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2004 | 53 | 3-4 | 295-303
Article title

Mikromacierze DNA

Title variants
DNA microarrays
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Summary The breakthrough in DNA sequencing technology and completion of sequencing of first eucaryotic genomes raised the need for high-throughput methods of gene function analysis. To solve this problem the DNA microarray technology has been developed. It is based on traditional transcript profiling methods which use the hybridization ability of DNA and RNA to monitor gene expression. Due to miniaturisation and the use of fluorescent dyes DNA microarrays allow for simultaneous monitoring of the expression of tens of thousands genes. There are two main types of DNA microarrays: cDNA microarrays and oligonucleotide microarrays, also called DNA chips. In the former, several- hundred-nucleotide long cDNA probes are printed on a glass plate and hybridized to a fluorescently labeled target cDNA obtained from the tissue of interest. In the latter, type of microarrays, each gene is represented by several short oligonucleotides (about 30 nt), perfectly matching the target gene, and several oligomers with a single mismatch. Oligonucleotides are usually synthetised on a glass slide using the photolithographic technique and the slide is hybridized to fluorescently labeled target RNA. Analysis ofmicroarray data includes the comparison of gene expression in the experimental and control probes or the comparison of gene expression profiles obtained in several experiments, by different clustering methods. Medicine is one of the fields where DNA microarrays have already found practical application. At present they are especially useful in cancer research. DNA microarray analysis of tumor tissues allows to differentiate among various cancer types, to prognose the illness progress and plan the therapy. DNA microarrays are also an irreplaceable tool in a search for new drugs.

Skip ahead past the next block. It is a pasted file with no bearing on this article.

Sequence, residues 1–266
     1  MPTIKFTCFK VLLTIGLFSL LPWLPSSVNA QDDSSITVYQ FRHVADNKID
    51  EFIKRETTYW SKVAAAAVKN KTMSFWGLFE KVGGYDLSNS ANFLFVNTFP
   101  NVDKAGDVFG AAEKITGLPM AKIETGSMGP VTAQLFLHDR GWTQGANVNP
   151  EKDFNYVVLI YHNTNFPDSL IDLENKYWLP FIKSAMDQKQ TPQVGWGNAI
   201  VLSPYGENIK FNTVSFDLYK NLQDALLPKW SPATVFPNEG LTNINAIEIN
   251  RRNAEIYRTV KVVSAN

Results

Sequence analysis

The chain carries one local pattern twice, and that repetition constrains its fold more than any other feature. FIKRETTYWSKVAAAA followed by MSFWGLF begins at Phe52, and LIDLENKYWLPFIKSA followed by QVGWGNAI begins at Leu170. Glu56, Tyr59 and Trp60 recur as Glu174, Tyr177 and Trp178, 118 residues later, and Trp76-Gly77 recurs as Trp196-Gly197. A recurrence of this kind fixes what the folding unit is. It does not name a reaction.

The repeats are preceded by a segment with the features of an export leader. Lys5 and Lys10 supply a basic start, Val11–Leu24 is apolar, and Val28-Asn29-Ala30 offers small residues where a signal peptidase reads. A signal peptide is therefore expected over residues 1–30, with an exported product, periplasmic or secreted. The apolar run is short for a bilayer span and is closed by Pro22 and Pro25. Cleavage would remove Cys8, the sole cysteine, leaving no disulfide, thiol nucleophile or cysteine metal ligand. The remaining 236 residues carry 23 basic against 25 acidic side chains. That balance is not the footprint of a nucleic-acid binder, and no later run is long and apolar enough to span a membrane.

Physical description
  • Instytut Chemii Bioorganicznej PAN, Noskowskiego 12/14, 61-704 Poznań, Polska
  • Instytut Chemii Bioorganicznej PAN, Noskowskiego 12/14, 61-704 Poznań, Polska
  • Instytut Chemii Bioorganicznej PAN, Noskowskiego 12/14, 61-704 Poznań, Polska
  • Instytut Chemii Bioorganicznej PAN, Noskowskiego 12/14, 61-704 Poznań, Polska
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Publication order reference
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